Part One
Part Two
Part Three

“Each of those four heinous statues were something straight out of a nightmare, yet somehow they seemed completely fitting for that awful realm.”

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The air in the strange world was heavy and musky. The atmosphere glowed with an incessant red pulsing. And even more strange—more unnerving—there was no sky. One could look up into infinity yet feel claustrophobic, like being trapped inside a vast cavern. It made no sense and left me we a sickening vertigo.

“It’s not so bad, no?”

I heard Seif, but I couldn’t respond. I was far too rattled by the unnatural, unfamiliar landscape around me. And if the landscape rattled me so, it’s safe to say the bazaar itself downright attacked my senses viciously. The people, if one could call them as such, lunged and hissed like serpents. They didn’t speak in any language I’ve ever come across in my countless travels. Nor did they exhibit any human social characteristics.

“I tell you, it’s okay here. They are harmless. Strange looking, yes. But they are but humble merchants of an ancient nature,” Seif said with a soft, friendly tone.

The bazaar was crowded beyond anything I’ve ever seen before. There were so many of these creatures coming and going that I couldn’t help sensing how much of an outsider I was. When you travel to a different country where the population is mostly of a different race than you—such as a white American visiting a mass metropolis like Tokyo Japan—it’s only natural to feel like an outsider. Like you don’t belong and everyone stares at you with suspicion in their eyes.

That’s how I felt in the strange world. Only, the feeling was exacerbated tenfold. And the suspicious eyes glaring at me from all angles felt greatly intensified. Yet, I knew that couldn’t be, for the creatures couldn’t cast an eye of mistrust towards me; they didn’t have eyes!

As Seif kept his steady and determined march through the middle of the bazaar, I found myself caught up in the overwhelming crowd. And while I tried my best to keep up with his hurried pace, I quickly became entranced by the aberrant wares and peculiar foods on display. But I couldn’t make out one familiar object at any of the countless booths littered throughout the market. It was almost too much to focus on any one thing as my eyes couldn’t help but dart every which way.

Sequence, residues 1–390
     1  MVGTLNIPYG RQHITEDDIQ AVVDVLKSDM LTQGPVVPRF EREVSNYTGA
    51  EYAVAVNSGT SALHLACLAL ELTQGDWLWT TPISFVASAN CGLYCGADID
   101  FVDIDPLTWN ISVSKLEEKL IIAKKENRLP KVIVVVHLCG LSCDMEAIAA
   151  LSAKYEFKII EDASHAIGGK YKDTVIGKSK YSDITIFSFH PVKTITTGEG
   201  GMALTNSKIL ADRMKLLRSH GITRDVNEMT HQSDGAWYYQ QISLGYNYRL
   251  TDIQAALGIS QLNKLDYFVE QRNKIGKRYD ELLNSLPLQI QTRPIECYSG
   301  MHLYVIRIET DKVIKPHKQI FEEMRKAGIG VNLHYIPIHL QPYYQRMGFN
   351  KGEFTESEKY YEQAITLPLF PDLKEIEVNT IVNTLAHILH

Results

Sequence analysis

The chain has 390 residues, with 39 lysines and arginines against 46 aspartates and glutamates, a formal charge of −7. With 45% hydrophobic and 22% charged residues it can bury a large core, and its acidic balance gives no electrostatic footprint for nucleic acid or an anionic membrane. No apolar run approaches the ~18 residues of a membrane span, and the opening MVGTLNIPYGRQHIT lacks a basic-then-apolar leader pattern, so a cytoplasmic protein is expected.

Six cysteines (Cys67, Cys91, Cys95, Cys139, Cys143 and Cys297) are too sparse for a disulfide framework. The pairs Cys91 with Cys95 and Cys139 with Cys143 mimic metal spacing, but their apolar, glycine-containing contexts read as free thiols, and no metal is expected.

There was one booth in particular which managed to grab my undivided attention, though; it had on display statues made of a metal unknown to the human world. Each piece was highly polished and offset the red hue of the bazaar with an anomalous blue luster. The metal was of such striking and irregular quality that I hardly noticed what the statues were depicting at first. It was only after the awe of seeing the foreign metal wore off that I was able to take a step back and study the horrid figures before me.

Each statue was about seven foot in height and no wider than a standard size refrigerator. Erected before me were five of the odd things, with each one portraying a different kind of “animal.” I say animal loosely, as none of them looked remotely human or humanoid, but neither looked like any known animal ever discovered on Earth. No, these things were freakish and sent a cold chill through my body.

The largest and most menacing of these statues was pushed back beneath the merchant’s canopy. While the other four monstrous statues were front and center, it was the one hidden in the shadows of the canopy which piqued my curiosity so. Not because it was somewhat out of sight, but rather because it was the only statue which appeared at all familiar to me.

The other four represented grotesque creatures: a tentacled faced being with the body of a four-legged mammal, a beast with a huge gaping maw full of razor-sharp teeth on top a blob-like, legless body, an inconspicuous, faceless critter who stood upon two legs and had long, sprawling wings, and finally, a brutish looking monster with four eyes and six massive arms and four stumpy legs. Each of those four heinous statues were something straight out of a nightmare, yet somehow they seemed completely fitting for that awful realm. Like you would expect to see any one of those things walking through the ash and smoke covered plains. A fact which still haunts my waking moments.

But it was the statue half shrouded in the shadows which really tormented my soul. For the thing it represented was the one monstrosity of that world which I recognized from my travels on Earth. It was Yelzamouth; the Deity of Death from the Order of the Rising Fog. The ORF, as it’s referred to by its members, is a new age cult based out of Newfoundland.

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